The 2004 Peace, Security and Reconciliation Award was presented to PeaceWorks Foundation. Through its innovative OneVoice initiative, PeaceWorks Foundation has been tackling one of the most pressing and intractable issues of our day – the Israeli-Palestinian conflict. PeaceWorks Foundation seeded One Voice with the cooperation and leadership of over 200 Palestinian, Israeli and international experts and community leaders, and it now has three offices in the Middle East: an Israeli office, a Palestinian office, and a regional coordination office. What is unique about OneVoice is the development of a concrete platform and methodology designed to empower the moderate majority of Palestinians and Israelis to come up with a viable and acceptable mandate for co-existence, and achieve consensus for conflict resolution at the grassroots level. The award was received by the Founder of PeaceWorks Foundation, Daniel Lubetzky, and by One Voice’s Mideast Regional Director, Mohammad Darawshe.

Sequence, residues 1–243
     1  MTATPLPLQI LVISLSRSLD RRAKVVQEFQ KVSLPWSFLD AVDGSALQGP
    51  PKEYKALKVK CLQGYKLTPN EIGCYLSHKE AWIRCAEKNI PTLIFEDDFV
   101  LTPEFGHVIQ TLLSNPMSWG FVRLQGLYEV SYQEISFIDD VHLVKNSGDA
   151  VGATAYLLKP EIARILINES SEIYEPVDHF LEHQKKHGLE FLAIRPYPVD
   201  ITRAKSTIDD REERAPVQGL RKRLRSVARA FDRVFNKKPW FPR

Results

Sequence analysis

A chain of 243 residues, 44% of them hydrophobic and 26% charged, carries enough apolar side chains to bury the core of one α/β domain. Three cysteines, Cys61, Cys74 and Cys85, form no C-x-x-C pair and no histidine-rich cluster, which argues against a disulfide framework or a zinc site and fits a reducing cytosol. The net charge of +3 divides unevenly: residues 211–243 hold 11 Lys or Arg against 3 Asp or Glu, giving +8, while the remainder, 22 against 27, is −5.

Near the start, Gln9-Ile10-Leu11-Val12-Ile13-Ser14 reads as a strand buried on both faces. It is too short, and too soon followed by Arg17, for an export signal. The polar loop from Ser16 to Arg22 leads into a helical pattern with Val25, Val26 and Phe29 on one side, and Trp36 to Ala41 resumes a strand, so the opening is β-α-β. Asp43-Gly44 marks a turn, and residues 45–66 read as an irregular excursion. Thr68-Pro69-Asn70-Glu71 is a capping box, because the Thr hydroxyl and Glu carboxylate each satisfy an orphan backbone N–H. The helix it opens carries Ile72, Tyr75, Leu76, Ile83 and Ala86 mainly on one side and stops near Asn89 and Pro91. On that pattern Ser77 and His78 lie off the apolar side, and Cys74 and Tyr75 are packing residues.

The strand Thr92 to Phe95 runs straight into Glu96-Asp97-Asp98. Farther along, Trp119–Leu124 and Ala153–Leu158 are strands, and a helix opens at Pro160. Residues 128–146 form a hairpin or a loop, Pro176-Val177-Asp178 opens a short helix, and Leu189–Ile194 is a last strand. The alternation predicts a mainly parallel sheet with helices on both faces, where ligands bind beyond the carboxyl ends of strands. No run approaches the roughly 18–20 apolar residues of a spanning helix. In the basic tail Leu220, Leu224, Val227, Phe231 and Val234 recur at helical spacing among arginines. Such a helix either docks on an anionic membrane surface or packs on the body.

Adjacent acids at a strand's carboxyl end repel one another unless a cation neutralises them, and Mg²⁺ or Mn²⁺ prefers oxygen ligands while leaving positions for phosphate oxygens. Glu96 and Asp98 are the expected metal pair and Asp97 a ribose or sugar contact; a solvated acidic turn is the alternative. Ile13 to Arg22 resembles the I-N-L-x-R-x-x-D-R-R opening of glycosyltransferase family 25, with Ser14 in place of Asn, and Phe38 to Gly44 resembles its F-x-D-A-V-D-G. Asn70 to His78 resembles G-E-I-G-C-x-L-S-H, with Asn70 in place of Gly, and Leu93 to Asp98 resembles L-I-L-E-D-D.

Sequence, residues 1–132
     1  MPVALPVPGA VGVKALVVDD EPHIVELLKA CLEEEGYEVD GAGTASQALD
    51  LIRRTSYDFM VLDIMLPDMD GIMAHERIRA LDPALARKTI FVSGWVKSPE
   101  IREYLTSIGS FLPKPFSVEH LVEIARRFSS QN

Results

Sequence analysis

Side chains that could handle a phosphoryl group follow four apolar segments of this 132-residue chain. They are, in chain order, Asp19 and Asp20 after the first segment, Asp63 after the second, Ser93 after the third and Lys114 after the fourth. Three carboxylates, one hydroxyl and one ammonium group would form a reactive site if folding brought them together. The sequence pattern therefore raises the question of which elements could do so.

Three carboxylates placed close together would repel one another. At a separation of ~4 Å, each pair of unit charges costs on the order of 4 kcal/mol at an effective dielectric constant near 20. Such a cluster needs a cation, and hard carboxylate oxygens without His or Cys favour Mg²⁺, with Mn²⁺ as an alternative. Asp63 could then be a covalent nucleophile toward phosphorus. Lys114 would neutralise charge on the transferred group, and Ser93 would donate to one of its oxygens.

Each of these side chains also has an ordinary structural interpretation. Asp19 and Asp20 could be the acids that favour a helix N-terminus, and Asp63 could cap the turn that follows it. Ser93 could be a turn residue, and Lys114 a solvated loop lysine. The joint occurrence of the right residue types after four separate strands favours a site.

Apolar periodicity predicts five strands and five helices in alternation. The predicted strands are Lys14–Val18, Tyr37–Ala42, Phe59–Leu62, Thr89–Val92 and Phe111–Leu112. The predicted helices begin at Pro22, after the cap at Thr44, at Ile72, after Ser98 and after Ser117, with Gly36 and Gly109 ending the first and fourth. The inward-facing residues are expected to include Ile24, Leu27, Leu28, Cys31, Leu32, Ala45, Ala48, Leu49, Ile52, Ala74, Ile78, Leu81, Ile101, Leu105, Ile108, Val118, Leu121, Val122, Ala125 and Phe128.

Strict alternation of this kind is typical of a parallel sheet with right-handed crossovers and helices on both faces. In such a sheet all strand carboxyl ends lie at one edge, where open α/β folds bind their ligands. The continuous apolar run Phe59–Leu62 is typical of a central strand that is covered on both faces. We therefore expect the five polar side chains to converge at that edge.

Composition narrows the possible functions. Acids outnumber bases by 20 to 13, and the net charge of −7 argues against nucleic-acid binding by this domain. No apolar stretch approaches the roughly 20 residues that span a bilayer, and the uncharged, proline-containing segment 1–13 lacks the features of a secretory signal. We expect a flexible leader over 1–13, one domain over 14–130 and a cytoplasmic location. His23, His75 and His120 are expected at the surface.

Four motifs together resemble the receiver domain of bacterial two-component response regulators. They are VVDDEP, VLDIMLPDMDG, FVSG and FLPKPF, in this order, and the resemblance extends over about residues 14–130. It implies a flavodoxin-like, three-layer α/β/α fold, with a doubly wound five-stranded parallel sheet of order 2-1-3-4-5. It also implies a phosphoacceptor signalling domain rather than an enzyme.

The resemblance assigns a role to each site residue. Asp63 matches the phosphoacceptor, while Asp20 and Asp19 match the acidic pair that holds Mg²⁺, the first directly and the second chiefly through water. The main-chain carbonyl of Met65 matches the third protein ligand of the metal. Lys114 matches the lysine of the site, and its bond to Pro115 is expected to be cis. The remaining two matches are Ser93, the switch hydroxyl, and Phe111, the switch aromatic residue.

Sessions and Events
Frederick A. Swarts
coordinated a roundtable on the theme of Toward an NGO Certification Process, which dealt with the issues of NGO
codes of conduct and NGO certification and rating programs. This
session featured a presentation by Cyril Muller, Vice President for
Products and Strategy for Société Générale de Surveillance (SGS).
Founded in 1878, SGS is the global leader in inspection, testing and
certification services, and now has 37,000 employees and operates a network of
almost 840 offices and subsidiaries and over 320 laboratories around the world.
Mr. Muller elaborated on SGS’s new NGO Benchmarking product to provide an
independent assessment of an NGO’s performance.
Saturday Afternoon Panel Sessions offered NGO leaders an opportunity to make
presentations on their own organizations and the activities that they are engaged in, or on
any topic of particular interest. Presentations were made on such topics as The Role